Another decline in quarterly revenue came as no surprise when Sears Holdings (SHLD) reported first quarter results on Thursday morning. The retailer has been shedding revenue-bearing properties like Lands’ End (LE) in earnest for about three years now, while simultaneously axing operational stores; 80 more stores have been or will be closed in 2014.
What did come as a surprise is, even while the company is clearly on a path to bankruptcy, CEO Eddie Lampert continues to bang the “turnaround” drum to the few faithful Sears stock holders left.
Folks, it’s over, both for the company and (sooner or later) for SHLD.
It’s not a matter of “if” anymore. It’s just a matter of “when.”
Bankruptcy truly may be on the horizon.
Numbers Don’t Lie
For those who haven’t heard, last quarter, Sears Holdings saw year-over-year sales drop by 6.8%, to $7.88 billion. By retail standards, it was a disaster, although not as disastrous as the much bigger loss the company posted for the first quarter (Sears lost $402 million, vs. $279 million in the year-ago period). More damning: It was the 29th straight quarter of falling revenue.
On a per-share basis, SHLD posted a loss of $3.79 per share, versus a loss of “only” $2.63 in the first quarter of last year.
And yet, Sears stock didn’t do anything like what you’d expect. Following the report, SHLD stock quickly reversed an opening loss and finished with a 4%-plus gain.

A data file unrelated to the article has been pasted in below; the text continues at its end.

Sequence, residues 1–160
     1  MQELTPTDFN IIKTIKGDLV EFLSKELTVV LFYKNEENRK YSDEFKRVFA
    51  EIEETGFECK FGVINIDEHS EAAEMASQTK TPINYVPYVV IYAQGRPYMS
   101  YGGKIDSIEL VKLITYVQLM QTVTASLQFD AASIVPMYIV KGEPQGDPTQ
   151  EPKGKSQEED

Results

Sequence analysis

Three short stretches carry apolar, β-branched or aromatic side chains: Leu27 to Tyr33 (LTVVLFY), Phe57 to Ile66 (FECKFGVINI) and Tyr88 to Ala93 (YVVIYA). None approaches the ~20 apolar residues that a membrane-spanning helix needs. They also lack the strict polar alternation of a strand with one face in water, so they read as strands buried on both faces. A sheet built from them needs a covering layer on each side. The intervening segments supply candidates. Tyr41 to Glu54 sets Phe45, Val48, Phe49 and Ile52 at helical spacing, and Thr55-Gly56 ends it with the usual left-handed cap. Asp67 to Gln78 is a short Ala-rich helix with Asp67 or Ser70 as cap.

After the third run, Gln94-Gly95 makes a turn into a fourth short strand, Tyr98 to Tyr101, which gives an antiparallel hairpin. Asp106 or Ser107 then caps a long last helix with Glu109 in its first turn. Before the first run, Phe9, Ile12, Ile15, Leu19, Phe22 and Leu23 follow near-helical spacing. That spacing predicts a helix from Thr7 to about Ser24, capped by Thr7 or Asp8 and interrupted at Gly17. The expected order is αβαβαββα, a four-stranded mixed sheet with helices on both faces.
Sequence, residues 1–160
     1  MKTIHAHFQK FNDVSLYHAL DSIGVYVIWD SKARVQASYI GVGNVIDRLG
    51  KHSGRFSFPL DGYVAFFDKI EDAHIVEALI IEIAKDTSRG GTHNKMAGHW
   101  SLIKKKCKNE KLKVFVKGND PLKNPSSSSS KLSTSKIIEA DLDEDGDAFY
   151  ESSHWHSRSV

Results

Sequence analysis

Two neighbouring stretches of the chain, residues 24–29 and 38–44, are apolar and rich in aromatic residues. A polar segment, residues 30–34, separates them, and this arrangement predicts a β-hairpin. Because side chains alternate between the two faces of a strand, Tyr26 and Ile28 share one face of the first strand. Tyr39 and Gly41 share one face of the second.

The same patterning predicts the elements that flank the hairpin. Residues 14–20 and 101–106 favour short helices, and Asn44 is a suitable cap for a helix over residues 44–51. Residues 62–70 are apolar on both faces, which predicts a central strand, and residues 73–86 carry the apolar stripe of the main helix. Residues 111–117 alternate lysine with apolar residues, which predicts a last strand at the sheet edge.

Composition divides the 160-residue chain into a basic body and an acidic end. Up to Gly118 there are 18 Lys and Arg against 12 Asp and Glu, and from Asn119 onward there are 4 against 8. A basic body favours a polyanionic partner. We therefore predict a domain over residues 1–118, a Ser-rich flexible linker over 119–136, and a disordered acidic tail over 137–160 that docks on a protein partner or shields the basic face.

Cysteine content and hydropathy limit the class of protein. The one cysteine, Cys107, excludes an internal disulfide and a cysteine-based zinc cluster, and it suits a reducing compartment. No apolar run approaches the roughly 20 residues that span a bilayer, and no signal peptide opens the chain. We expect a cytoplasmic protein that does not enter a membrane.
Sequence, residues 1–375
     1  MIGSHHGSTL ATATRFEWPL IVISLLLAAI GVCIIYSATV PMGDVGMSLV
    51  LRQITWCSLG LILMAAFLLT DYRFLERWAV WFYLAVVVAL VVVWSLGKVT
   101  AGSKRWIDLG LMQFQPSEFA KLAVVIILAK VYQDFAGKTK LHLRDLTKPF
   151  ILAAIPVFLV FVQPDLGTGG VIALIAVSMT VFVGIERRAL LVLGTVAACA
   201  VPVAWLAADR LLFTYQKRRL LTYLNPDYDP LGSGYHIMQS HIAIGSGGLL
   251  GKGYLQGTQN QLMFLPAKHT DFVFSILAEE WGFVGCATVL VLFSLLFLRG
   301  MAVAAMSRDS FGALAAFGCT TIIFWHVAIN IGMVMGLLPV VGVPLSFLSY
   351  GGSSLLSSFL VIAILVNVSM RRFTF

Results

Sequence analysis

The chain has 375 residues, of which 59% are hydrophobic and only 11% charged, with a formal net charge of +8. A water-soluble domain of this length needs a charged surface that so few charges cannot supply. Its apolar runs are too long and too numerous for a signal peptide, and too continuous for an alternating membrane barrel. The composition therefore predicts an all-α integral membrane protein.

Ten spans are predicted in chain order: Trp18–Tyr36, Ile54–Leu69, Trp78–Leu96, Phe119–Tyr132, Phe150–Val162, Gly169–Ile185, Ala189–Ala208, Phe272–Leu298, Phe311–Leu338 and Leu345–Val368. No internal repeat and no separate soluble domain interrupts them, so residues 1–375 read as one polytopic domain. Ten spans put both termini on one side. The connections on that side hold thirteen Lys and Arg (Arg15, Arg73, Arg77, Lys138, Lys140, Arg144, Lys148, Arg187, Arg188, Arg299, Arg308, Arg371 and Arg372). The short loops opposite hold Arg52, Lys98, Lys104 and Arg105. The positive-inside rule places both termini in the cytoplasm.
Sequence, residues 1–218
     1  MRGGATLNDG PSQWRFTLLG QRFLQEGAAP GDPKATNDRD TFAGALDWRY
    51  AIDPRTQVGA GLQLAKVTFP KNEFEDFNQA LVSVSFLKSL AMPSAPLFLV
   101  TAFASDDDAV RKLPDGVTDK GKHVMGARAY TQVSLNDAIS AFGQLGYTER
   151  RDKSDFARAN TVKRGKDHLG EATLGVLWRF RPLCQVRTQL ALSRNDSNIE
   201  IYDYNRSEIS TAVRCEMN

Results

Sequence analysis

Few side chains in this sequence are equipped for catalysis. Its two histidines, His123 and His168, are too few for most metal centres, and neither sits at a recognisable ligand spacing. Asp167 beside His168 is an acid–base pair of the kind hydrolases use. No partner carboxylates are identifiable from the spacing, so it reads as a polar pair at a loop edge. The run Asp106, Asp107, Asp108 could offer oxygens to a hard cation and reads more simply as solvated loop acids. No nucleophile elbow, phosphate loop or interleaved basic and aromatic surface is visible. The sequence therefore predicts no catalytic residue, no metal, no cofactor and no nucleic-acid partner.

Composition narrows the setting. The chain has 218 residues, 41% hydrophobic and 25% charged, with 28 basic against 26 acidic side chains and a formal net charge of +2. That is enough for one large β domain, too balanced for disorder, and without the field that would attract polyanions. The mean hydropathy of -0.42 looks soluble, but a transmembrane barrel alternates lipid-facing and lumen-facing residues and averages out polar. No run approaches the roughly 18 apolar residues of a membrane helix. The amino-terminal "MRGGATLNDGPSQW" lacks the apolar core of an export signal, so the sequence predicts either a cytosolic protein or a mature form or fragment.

The prod for the pop? Everything being relative, investors — some investors — liked the fact that things could have been much worse for Sears Holdings. And those who weren’t impressed by the relative success might have been encouraged by Lampert’s pep-talk. The master of spin once again offered hope, writing in his quarterly letter to shareholders:
“Sears is undergoing a significant transformation, and we fundamentally are changing the way we do business. Our performance in the first quarter highlights the challenges we are facing as well as the progress we are making in this transformation. We are moving away from a company that was heavily based on selling products solely through a store-based network to a member-centric business model focused on providing benefits to our members anytime and anyplace. We are seeing progress in our transformation to a member-centric, integrated retailer, as we continue to invest heavily in driving our Shop Your Way program.”
He used the word “progress” twice, and yet we’ve not actually seen any — in years — where it counts.
He also used the word “transformation” twice, and though one could arguably call Shop Your Way a transformation, the program has yet to actually make any aspect of the business better despite its launch years ago.
It’s time for a reality check.